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Complete details of the data structures are given in the Unofficial Doom Specs.
Each wall consists of a linedef that references one or two sidedefs (right and maybe left). Each sidedef has three texture names (lower, middle, and upper) with up to eight characters each. (The name "-" means no texture: either not applicable or totally transparent.)
The Doom engine looks up a texture name using the wall texture lumps TEXTURE1 and TEXTURE2. (TEXTURE1 is present in all Doom versions; TEXTURE2 supports the additional textures in registered/Ultimate Doom and Doom II.) This yields a list of indices into the PNAMES lump. For each index, PNAMES gives the name of a lump known as a wall patch; each wall patch lump is stored in Doom's picture format. Rendering the texture's list of patches gives the final texture graphic that can be applied to any wall surface.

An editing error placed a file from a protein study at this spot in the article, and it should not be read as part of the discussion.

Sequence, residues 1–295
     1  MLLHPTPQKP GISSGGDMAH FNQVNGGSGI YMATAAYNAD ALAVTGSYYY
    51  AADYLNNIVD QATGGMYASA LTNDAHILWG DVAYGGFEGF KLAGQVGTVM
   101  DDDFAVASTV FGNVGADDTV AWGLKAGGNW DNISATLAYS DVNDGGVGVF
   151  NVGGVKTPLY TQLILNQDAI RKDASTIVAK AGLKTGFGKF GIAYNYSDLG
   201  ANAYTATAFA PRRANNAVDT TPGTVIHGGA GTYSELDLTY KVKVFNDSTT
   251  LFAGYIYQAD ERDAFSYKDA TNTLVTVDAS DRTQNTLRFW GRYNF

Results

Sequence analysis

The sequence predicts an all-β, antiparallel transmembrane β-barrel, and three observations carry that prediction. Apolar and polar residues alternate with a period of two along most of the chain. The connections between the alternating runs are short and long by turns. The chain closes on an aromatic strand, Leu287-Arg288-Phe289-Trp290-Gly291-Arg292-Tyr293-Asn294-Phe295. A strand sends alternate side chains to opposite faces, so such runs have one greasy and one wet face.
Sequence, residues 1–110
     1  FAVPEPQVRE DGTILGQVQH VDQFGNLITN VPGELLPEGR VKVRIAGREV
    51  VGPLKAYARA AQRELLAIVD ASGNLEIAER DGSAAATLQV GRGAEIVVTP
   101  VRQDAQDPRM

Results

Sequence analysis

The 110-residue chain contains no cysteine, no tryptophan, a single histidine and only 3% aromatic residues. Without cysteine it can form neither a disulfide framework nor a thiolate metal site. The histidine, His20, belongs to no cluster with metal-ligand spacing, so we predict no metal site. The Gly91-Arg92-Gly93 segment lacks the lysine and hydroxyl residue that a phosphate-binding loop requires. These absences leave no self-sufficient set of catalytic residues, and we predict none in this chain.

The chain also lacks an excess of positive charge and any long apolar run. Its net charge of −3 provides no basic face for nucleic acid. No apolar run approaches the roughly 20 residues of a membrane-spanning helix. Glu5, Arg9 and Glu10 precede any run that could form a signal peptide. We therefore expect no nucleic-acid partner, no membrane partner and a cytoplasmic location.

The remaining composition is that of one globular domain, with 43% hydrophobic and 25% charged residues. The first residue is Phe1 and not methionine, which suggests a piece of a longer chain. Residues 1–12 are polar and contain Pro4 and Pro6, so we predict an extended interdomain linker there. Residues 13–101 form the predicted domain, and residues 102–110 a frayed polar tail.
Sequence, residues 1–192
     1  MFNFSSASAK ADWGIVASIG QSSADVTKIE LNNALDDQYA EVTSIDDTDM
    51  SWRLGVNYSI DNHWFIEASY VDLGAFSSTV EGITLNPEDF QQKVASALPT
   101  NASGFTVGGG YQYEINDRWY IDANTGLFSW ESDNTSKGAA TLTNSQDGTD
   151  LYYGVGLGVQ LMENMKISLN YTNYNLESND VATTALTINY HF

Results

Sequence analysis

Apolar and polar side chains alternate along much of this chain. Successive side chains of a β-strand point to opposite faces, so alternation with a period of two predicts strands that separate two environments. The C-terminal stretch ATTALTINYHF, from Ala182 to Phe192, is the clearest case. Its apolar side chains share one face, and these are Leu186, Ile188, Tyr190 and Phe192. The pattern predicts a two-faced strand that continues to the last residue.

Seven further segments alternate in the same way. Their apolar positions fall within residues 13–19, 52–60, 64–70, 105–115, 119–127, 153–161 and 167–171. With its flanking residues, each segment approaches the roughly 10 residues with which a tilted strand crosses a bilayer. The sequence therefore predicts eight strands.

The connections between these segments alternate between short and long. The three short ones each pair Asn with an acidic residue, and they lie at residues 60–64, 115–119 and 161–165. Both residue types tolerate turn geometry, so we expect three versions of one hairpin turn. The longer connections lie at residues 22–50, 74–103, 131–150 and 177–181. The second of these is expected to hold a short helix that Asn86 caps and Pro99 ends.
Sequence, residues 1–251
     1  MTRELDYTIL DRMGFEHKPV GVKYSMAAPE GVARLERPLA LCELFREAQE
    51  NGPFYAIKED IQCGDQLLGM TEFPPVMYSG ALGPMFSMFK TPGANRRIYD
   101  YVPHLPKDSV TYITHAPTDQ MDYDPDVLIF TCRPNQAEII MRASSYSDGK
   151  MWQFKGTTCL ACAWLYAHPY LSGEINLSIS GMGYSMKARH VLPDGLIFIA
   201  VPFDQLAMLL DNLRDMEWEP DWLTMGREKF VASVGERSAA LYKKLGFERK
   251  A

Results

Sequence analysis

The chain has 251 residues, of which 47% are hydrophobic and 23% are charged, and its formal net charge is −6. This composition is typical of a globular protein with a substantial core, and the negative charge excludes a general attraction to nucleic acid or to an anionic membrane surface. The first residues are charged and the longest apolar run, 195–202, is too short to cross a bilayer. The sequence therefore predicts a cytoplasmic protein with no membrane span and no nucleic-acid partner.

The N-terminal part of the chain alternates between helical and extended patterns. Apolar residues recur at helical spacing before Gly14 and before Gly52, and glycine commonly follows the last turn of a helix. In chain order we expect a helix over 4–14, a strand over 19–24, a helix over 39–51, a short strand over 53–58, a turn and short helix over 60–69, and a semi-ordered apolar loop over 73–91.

Wall textures must be exactly 128 units high, or the tutti-frutti effect will occur. There is no maximum width.
Middle Textures or Patches (as termed by Tom Hall) are used to simulate Blood on walls, Rust or Oil, Signs etc. Patches are not actually part of the main linedef (that ends a particular sector) and are placed before the end linedef (Between 1 and 8 mp away).